The extremist group Islamic State of Iraq and Syria is tightening control of Iraq's Sunni Muslim heartland, attacking the strategic city of Baqouba, less than 40 miles from Baghdad. The U.S. is sending up to 275 military personnel to bolster its embassy in the capital; President Obama is also reportedly weighing air strikes.
"ISIS is one of the most extreme Islamist organizations globally," NPR's Leila Fadel reports from northern Iraq, for our Newscast unit. "It's so extreme that even al-Qaida has disavowed it."
Fadel says the militants used mortars to attack a police station on the western side of Baquoba, an attack that has reportedly killed 40 prisoners in the station.
The situation in Iraq came up during U.S. discussions with Iran over its nuclear program. But both sides of the talks being held in Vienna stressed that a joint military operation with Americans and Iranians in Iraq won't happen.
"Iran is a great country that can play a key role in restoring stability in Iraq and the region," a senior Iranian official tells Reuters, adding, "Military cooperation was not discussed and is not an option."
ISIS seized northern cities such as Mosul and Tikrit in quick succession last week. On Monday, it took Tal Afar, west of Mosul.
Fadel says that while the group has boasted of holding mass executions, some residents of Mosul say life is continuing at an almost normal pace since ISIS took the city. But streams of people are moving away from the fighting.
From the BBC:
"Government sources say Baquba — capital of Diyala province on the northern approaches to Baghdad — saw rebels take control of several districts on the western outskirts of the city before these were regained by government troops and allied Shia militia."
The U.N. has condemned the mass executions and called for an end to the sectarian clashes.
"Based on corroborated reports from a number of sources, it appears that hundreds of non-combatant men were summarily executed over the past five days, including surrendered or captured soldiers, military conscripts, police and others associated with the government," said Navi Pillay, U.N. high commissioner for human rights.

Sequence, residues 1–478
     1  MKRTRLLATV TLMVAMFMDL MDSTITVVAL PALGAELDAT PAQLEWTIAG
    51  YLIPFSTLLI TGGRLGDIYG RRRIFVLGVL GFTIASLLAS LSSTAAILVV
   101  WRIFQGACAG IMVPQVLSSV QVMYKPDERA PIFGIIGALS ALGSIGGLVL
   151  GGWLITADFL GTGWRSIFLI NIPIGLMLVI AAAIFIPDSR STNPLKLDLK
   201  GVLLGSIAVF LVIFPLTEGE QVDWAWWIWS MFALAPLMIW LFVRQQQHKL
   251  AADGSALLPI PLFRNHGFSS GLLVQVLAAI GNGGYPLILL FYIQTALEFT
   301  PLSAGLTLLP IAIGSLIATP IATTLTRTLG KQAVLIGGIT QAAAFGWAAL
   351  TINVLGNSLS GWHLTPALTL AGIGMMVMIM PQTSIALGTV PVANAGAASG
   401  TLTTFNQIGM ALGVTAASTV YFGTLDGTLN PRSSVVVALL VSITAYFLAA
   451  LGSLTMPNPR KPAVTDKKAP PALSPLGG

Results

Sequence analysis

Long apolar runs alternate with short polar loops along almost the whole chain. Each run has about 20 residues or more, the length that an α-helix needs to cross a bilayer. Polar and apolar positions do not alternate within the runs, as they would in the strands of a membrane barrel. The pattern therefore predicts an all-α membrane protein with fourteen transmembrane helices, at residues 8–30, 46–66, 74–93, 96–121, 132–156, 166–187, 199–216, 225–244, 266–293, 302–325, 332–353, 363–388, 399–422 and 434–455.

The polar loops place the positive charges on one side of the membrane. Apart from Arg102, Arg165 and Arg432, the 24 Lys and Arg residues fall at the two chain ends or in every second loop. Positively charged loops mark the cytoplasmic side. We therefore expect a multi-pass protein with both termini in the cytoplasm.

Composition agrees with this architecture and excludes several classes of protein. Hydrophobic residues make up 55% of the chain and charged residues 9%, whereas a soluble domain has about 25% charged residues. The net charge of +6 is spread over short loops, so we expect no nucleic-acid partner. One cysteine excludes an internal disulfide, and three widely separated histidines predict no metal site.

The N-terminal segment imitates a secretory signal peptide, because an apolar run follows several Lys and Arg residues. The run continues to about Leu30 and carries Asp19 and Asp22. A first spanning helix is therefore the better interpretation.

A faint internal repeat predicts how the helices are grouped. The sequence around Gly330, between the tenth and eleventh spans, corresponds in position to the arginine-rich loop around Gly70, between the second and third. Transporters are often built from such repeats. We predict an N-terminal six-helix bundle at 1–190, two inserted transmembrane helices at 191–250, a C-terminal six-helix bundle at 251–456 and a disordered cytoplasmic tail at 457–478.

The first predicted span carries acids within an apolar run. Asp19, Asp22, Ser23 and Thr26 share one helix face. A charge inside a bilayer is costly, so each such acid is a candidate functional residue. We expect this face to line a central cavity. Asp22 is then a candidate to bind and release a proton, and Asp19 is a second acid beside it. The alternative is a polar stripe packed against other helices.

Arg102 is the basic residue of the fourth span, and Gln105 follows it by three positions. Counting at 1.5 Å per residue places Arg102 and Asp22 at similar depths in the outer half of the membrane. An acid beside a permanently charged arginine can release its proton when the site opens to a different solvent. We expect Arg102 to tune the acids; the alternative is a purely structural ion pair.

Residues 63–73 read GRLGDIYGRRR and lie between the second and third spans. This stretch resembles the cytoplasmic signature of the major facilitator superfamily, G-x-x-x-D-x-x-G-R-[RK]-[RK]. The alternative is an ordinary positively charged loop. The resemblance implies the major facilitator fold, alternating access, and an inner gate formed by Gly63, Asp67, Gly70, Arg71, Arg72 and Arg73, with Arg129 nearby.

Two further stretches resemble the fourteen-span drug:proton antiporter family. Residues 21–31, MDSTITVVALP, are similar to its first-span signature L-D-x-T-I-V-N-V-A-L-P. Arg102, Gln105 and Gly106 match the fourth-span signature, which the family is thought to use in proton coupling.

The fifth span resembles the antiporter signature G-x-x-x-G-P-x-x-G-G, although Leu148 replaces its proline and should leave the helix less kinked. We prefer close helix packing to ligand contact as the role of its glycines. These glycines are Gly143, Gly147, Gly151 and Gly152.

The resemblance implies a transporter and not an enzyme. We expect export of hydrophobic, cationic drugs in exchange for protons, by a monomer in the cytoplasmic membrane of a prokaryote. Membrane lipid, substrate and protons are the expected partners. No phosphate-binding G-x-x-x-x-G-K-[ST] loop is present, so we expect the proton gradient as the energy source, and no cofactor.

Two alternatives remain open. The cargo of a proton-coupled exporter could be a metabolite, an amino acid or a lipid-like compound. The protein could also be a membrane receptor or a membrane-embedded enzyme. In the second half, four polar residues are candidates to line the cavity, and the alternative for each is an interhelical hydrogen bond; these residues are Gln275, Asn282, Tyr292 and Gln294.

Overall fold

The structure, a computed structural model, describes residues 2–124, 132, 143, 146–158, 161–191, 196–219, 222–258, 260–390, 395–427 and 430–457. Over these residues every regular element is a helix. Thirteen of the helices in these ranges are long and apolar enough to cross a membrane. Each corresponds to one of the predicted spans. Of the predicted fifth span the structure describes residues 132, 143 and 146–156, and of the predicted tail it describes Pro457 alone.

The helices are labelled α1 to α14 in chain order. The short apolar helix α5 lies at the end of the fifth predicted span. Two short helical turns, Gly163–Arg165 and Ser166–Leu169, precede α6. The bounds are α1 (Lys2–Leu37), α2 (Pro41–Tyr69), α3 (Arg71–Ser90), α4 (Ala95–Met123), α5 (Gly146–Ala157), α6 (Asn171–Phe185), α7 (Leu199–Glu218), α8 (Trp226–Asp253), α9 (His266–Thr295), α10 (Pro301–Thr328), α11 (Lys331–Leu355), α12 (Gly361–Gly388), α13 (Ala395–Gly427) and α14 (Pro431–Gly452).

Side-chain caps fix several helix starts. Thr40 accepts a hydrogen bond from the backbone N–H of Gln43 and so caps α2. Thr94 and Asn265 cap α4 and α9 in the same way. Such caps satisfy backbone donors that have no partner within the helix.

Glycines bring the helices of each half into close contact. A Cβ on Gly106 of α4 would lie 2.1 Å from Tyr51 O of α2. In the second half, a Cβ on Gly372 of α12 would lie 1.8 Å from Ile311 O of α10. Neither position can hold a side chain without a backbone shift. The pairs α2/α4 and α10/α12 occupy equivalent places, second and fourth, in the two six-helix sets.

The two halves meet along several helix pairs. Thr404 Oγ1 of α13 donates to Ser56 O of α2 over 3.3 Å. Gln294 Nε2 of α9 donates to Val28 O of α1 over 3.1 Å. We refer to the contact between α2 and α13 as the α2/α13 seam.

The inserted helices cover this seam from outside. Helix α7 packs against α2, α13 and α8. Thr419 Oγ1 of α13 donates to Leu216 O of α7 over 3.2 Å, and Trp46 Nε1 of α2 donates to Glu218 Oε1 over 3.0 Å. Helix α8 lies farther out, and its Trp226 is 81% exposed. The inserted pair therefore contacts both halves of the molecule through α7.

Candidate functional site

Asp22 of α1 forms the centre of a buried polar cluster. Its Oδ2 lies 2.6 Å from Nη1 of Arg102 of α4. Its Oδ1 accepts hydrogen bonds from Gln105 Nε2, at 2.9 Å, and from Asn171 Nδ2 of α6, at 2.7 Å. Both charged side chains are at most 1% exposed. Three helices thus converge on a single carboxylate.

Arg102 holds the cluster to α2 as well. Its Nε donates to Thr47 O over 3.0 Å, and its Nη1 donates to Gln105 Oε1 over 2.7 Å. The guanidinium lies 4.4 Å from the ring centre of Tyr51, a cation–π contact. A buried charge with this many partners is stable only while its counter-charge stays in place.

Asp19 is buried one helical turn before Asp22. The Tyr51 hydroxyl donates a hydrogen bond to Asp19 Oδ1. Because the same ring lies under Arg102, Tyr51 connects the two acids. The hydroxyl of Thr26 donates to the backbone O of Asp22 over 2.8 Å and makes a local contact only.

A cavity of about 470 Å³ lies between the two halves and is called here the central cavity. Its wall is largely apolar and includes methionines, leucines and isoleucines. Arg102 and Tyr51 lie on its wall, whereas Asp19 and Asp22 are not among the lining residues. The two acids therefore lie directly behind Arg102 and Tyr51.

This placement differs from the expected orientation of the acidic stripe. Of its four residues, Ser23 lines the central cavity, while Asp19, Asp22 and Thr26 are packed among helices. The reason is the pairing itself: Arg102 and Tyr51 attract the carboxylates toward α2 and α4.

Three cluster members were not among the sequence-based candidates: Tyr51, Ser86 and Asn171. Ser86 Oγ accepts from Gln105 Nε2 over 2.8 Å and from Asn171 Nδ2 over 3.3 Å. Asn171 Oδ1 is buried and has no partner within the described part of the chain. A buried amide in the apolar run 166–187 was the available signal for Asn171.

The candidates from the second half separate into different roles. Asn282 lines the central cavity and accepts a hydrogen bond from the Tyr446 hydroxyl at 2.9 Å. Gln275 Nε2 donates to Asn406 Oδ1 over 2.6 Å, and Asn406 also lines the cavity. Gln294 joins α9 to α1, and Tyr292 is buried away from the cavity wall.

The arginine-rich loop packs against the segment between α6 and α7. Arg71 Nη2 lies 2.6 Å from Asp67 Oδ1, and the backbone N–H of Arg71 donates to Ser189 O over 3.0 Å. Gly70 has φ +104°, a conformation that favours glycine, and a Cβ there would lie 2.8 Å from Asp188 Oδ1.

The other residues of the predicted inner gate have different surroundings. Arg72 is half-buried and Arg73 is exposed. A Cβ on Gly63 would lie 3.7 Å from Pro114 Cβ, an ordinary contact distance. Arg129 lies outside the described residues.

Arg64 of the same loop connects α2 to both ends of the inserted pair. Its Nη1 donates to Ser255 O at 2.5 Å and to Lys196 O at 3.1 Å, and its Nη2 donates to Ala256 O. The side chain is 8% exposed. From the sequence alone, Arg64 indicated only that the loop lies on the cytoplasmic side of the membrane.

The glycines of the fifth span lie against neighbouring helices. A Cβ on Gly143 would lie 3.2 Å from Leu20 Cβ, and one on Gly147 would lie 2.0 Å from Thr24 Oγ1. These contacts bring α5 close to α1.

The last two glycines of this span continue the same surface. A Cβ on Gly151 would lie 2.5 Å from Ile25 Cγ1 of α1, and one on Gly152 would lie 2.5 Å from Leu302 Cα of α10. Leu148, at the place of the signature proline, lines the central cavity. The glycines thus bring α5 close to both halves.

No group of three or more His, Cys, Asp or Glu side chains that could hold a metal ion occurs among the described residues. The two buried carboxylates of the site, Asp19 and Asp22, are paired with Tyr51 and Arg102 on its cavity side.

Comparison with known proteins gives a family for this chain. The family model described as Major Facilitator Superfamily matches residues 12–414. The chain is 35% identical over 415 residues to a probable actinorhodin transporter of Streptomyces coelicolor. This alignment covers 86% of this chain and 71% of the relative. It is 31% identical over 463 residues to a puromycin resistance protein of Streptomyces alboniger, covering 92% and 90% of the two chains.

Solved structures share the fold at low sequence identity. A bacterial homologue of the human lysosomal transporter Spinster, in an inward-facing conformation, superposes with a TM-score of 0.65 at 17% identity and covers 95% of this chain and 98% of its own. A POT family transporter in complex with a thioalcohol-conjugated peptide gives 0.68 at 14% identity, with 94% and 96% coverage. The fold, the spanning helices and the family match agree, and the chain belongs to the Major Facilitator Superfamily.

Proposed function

As we reported last week, violence around Mosul has triggered the flight of an estimated 500,000 people. Fadel adds that some of those caught up in the fighting are also concerned about a possible backlash by government forces if they regain control of areas taken by ISIS.
Any U.S. airstrikes on the group could be complicated, The Washington Post notes:
"Targeting fighters from [ISIS] would not be difficult if they continue to advance toward Baghdad along highways and other visible routes, the former military commanders said. But airstrikes would become far more complicated if the insurgents stay within the cities they have taken control of in recent weeks, raising the likelihood of civilian casualties."
The rebel group has added to its ranks as it has spread — and it's fueling itself with nearly half a billion dollars taken from banks in territory it controls.
"That figure is now up to $495 million," security analyst Theodore Karasik tells NPR's Deborah Amos, "because of gold that they were also able to recover. This makes them the richest insurgent/terrorist group to ever exist."
The group has kept its finances as a priority, Karasik says, noting that ISIS set up covert oil exports after seizing oil wells in Syria.